SPIN cover stars Heems and Kool A.D. of Das Racist have each released two solo mixtapes this year, and now we may know the reason why: The group has broken up, Heems announced onstage in Munich last night. According to Pitchfork, Das Racist was set to perform at the On3 Festival (yes, festival season in Europe now lasts into December), but the show turned out to be just a Heems solo set, who told the crowd, “Das Racist is breaking up and we’re not a band anymore.” Kool A.D. then Tweeted that he quit Das Racist two months ago but was asked by the group’s manager to keep it under wraps (“for the record i quit das racist 2 months ago and was asked by our manager not to announce it yet. apparently @himanshu wanted to do it tho.”)
“I was bummed when we actually broke up, when it was done, mostly because it was a way to make money really easily. Now, I probably won’t be able to make money that easily ever again,” the group’s hypeman Dapwell tells SPIN. “But we had a plan to break up around May. We had just signed this record deal and we were going to put out one proper album and then go on a farewell tour, release a proper breaking up statement that could have been really funny, maybe a weird, stupid video. Now, all of that has gone to shit.”
It’s unclear where exactly the trio will go from here, but Heems will begin a tour of China on Monday and will continue to run Greedhead, their homegrown label that’s spawning much-buzzed rappers like Le1f and Big Baby Gandhi. In an interview last month with Rolling Stone, Heems said that he, Dapwell, and Sacha Jenkins from Ego Trip have been developing a TV show, with the pilot slated to be shot soon. He also said that the group had a handful of songs finished for an upcoming album, the status of which is unknown.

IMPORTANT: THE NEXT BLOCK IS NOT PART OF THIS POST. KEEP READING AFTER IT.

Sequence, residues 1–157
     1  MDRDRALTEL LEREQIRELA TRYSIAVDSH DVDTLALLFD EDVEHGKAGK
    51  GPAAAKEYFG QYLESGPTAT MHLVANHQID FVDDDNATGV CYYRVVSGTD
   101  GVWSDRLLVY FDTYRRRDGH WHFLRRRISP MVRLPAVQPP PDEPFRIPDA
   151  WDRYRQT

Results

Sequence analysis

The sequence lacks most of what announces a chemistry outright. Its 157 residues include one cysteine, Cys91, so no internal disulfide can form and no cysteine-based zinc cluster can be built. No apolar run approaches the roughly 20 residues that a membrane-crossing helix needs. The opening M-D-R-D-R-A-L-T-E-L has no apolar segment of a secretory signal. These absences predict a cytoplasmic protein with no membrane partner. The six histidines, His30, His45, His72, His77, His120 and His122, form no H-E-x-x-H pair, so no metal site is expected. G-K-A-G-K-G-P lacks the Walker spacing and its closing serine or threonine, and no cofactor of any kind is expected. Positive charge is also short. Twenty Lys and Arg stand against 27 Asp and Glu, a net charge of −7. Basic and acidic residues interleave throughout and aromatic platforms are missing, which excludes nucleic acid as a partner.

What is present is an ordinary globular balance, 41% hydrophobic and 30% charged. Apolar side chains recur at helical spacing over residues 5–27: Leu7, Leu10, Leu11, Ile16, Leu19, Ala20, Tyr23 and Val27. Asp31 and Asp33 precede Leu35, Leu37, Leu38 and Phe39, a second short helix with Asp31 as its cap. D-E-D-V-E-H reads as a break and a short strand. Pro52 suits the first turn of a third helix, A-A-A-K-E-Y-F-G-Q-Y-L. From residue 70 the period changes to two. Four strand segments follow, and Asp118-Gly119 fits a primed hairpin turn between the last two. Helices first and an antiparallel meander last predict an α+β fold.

Das Racist first emerged in 2008 with the Internet hit “Combination Pizza Hut and Taco Bell,” but the project eventually revealed itself as a place where modern political commentary rubbed up against rap-nerd references and world-slush rhyme schemes born out of Cam’ron’s heyday. The group also proved to be the lynchpin of a new wave of underground New York hip-hop, triangulating voices both old (El-P, Roc Marciano) and new (Mr. Muthafuckin’ eXquire, Action Bronson). The good news for fans is that though Das Racist has dissipated, the driving forces behind both the group and what it represented don’t seem to be going anywhere.
“When we started in 2009, 2010, there wasn’t a New York rap scene. All that shit wasn’t around,” Dapwell says. “And now there is all of this stuff that, when I see it, I’m like, ‘Man, that looks like more fun than what I’m doing.’ But we kinda checked out and it was just about money, which some people can do, but apparently, we’re not good at doing things we don’t want to do anymore. It made everyone go crazy and get angry in such typical band fashion: guys arguing and then drinking. It’s just stupid. Because in the beginning, it was just us. We’d all hang out all the time, we all lived in this apartment together. Not that we were super friends, but sort of, you know? Really, it’s a huge opportunity squandered.”
Additional reporting by David Bevan.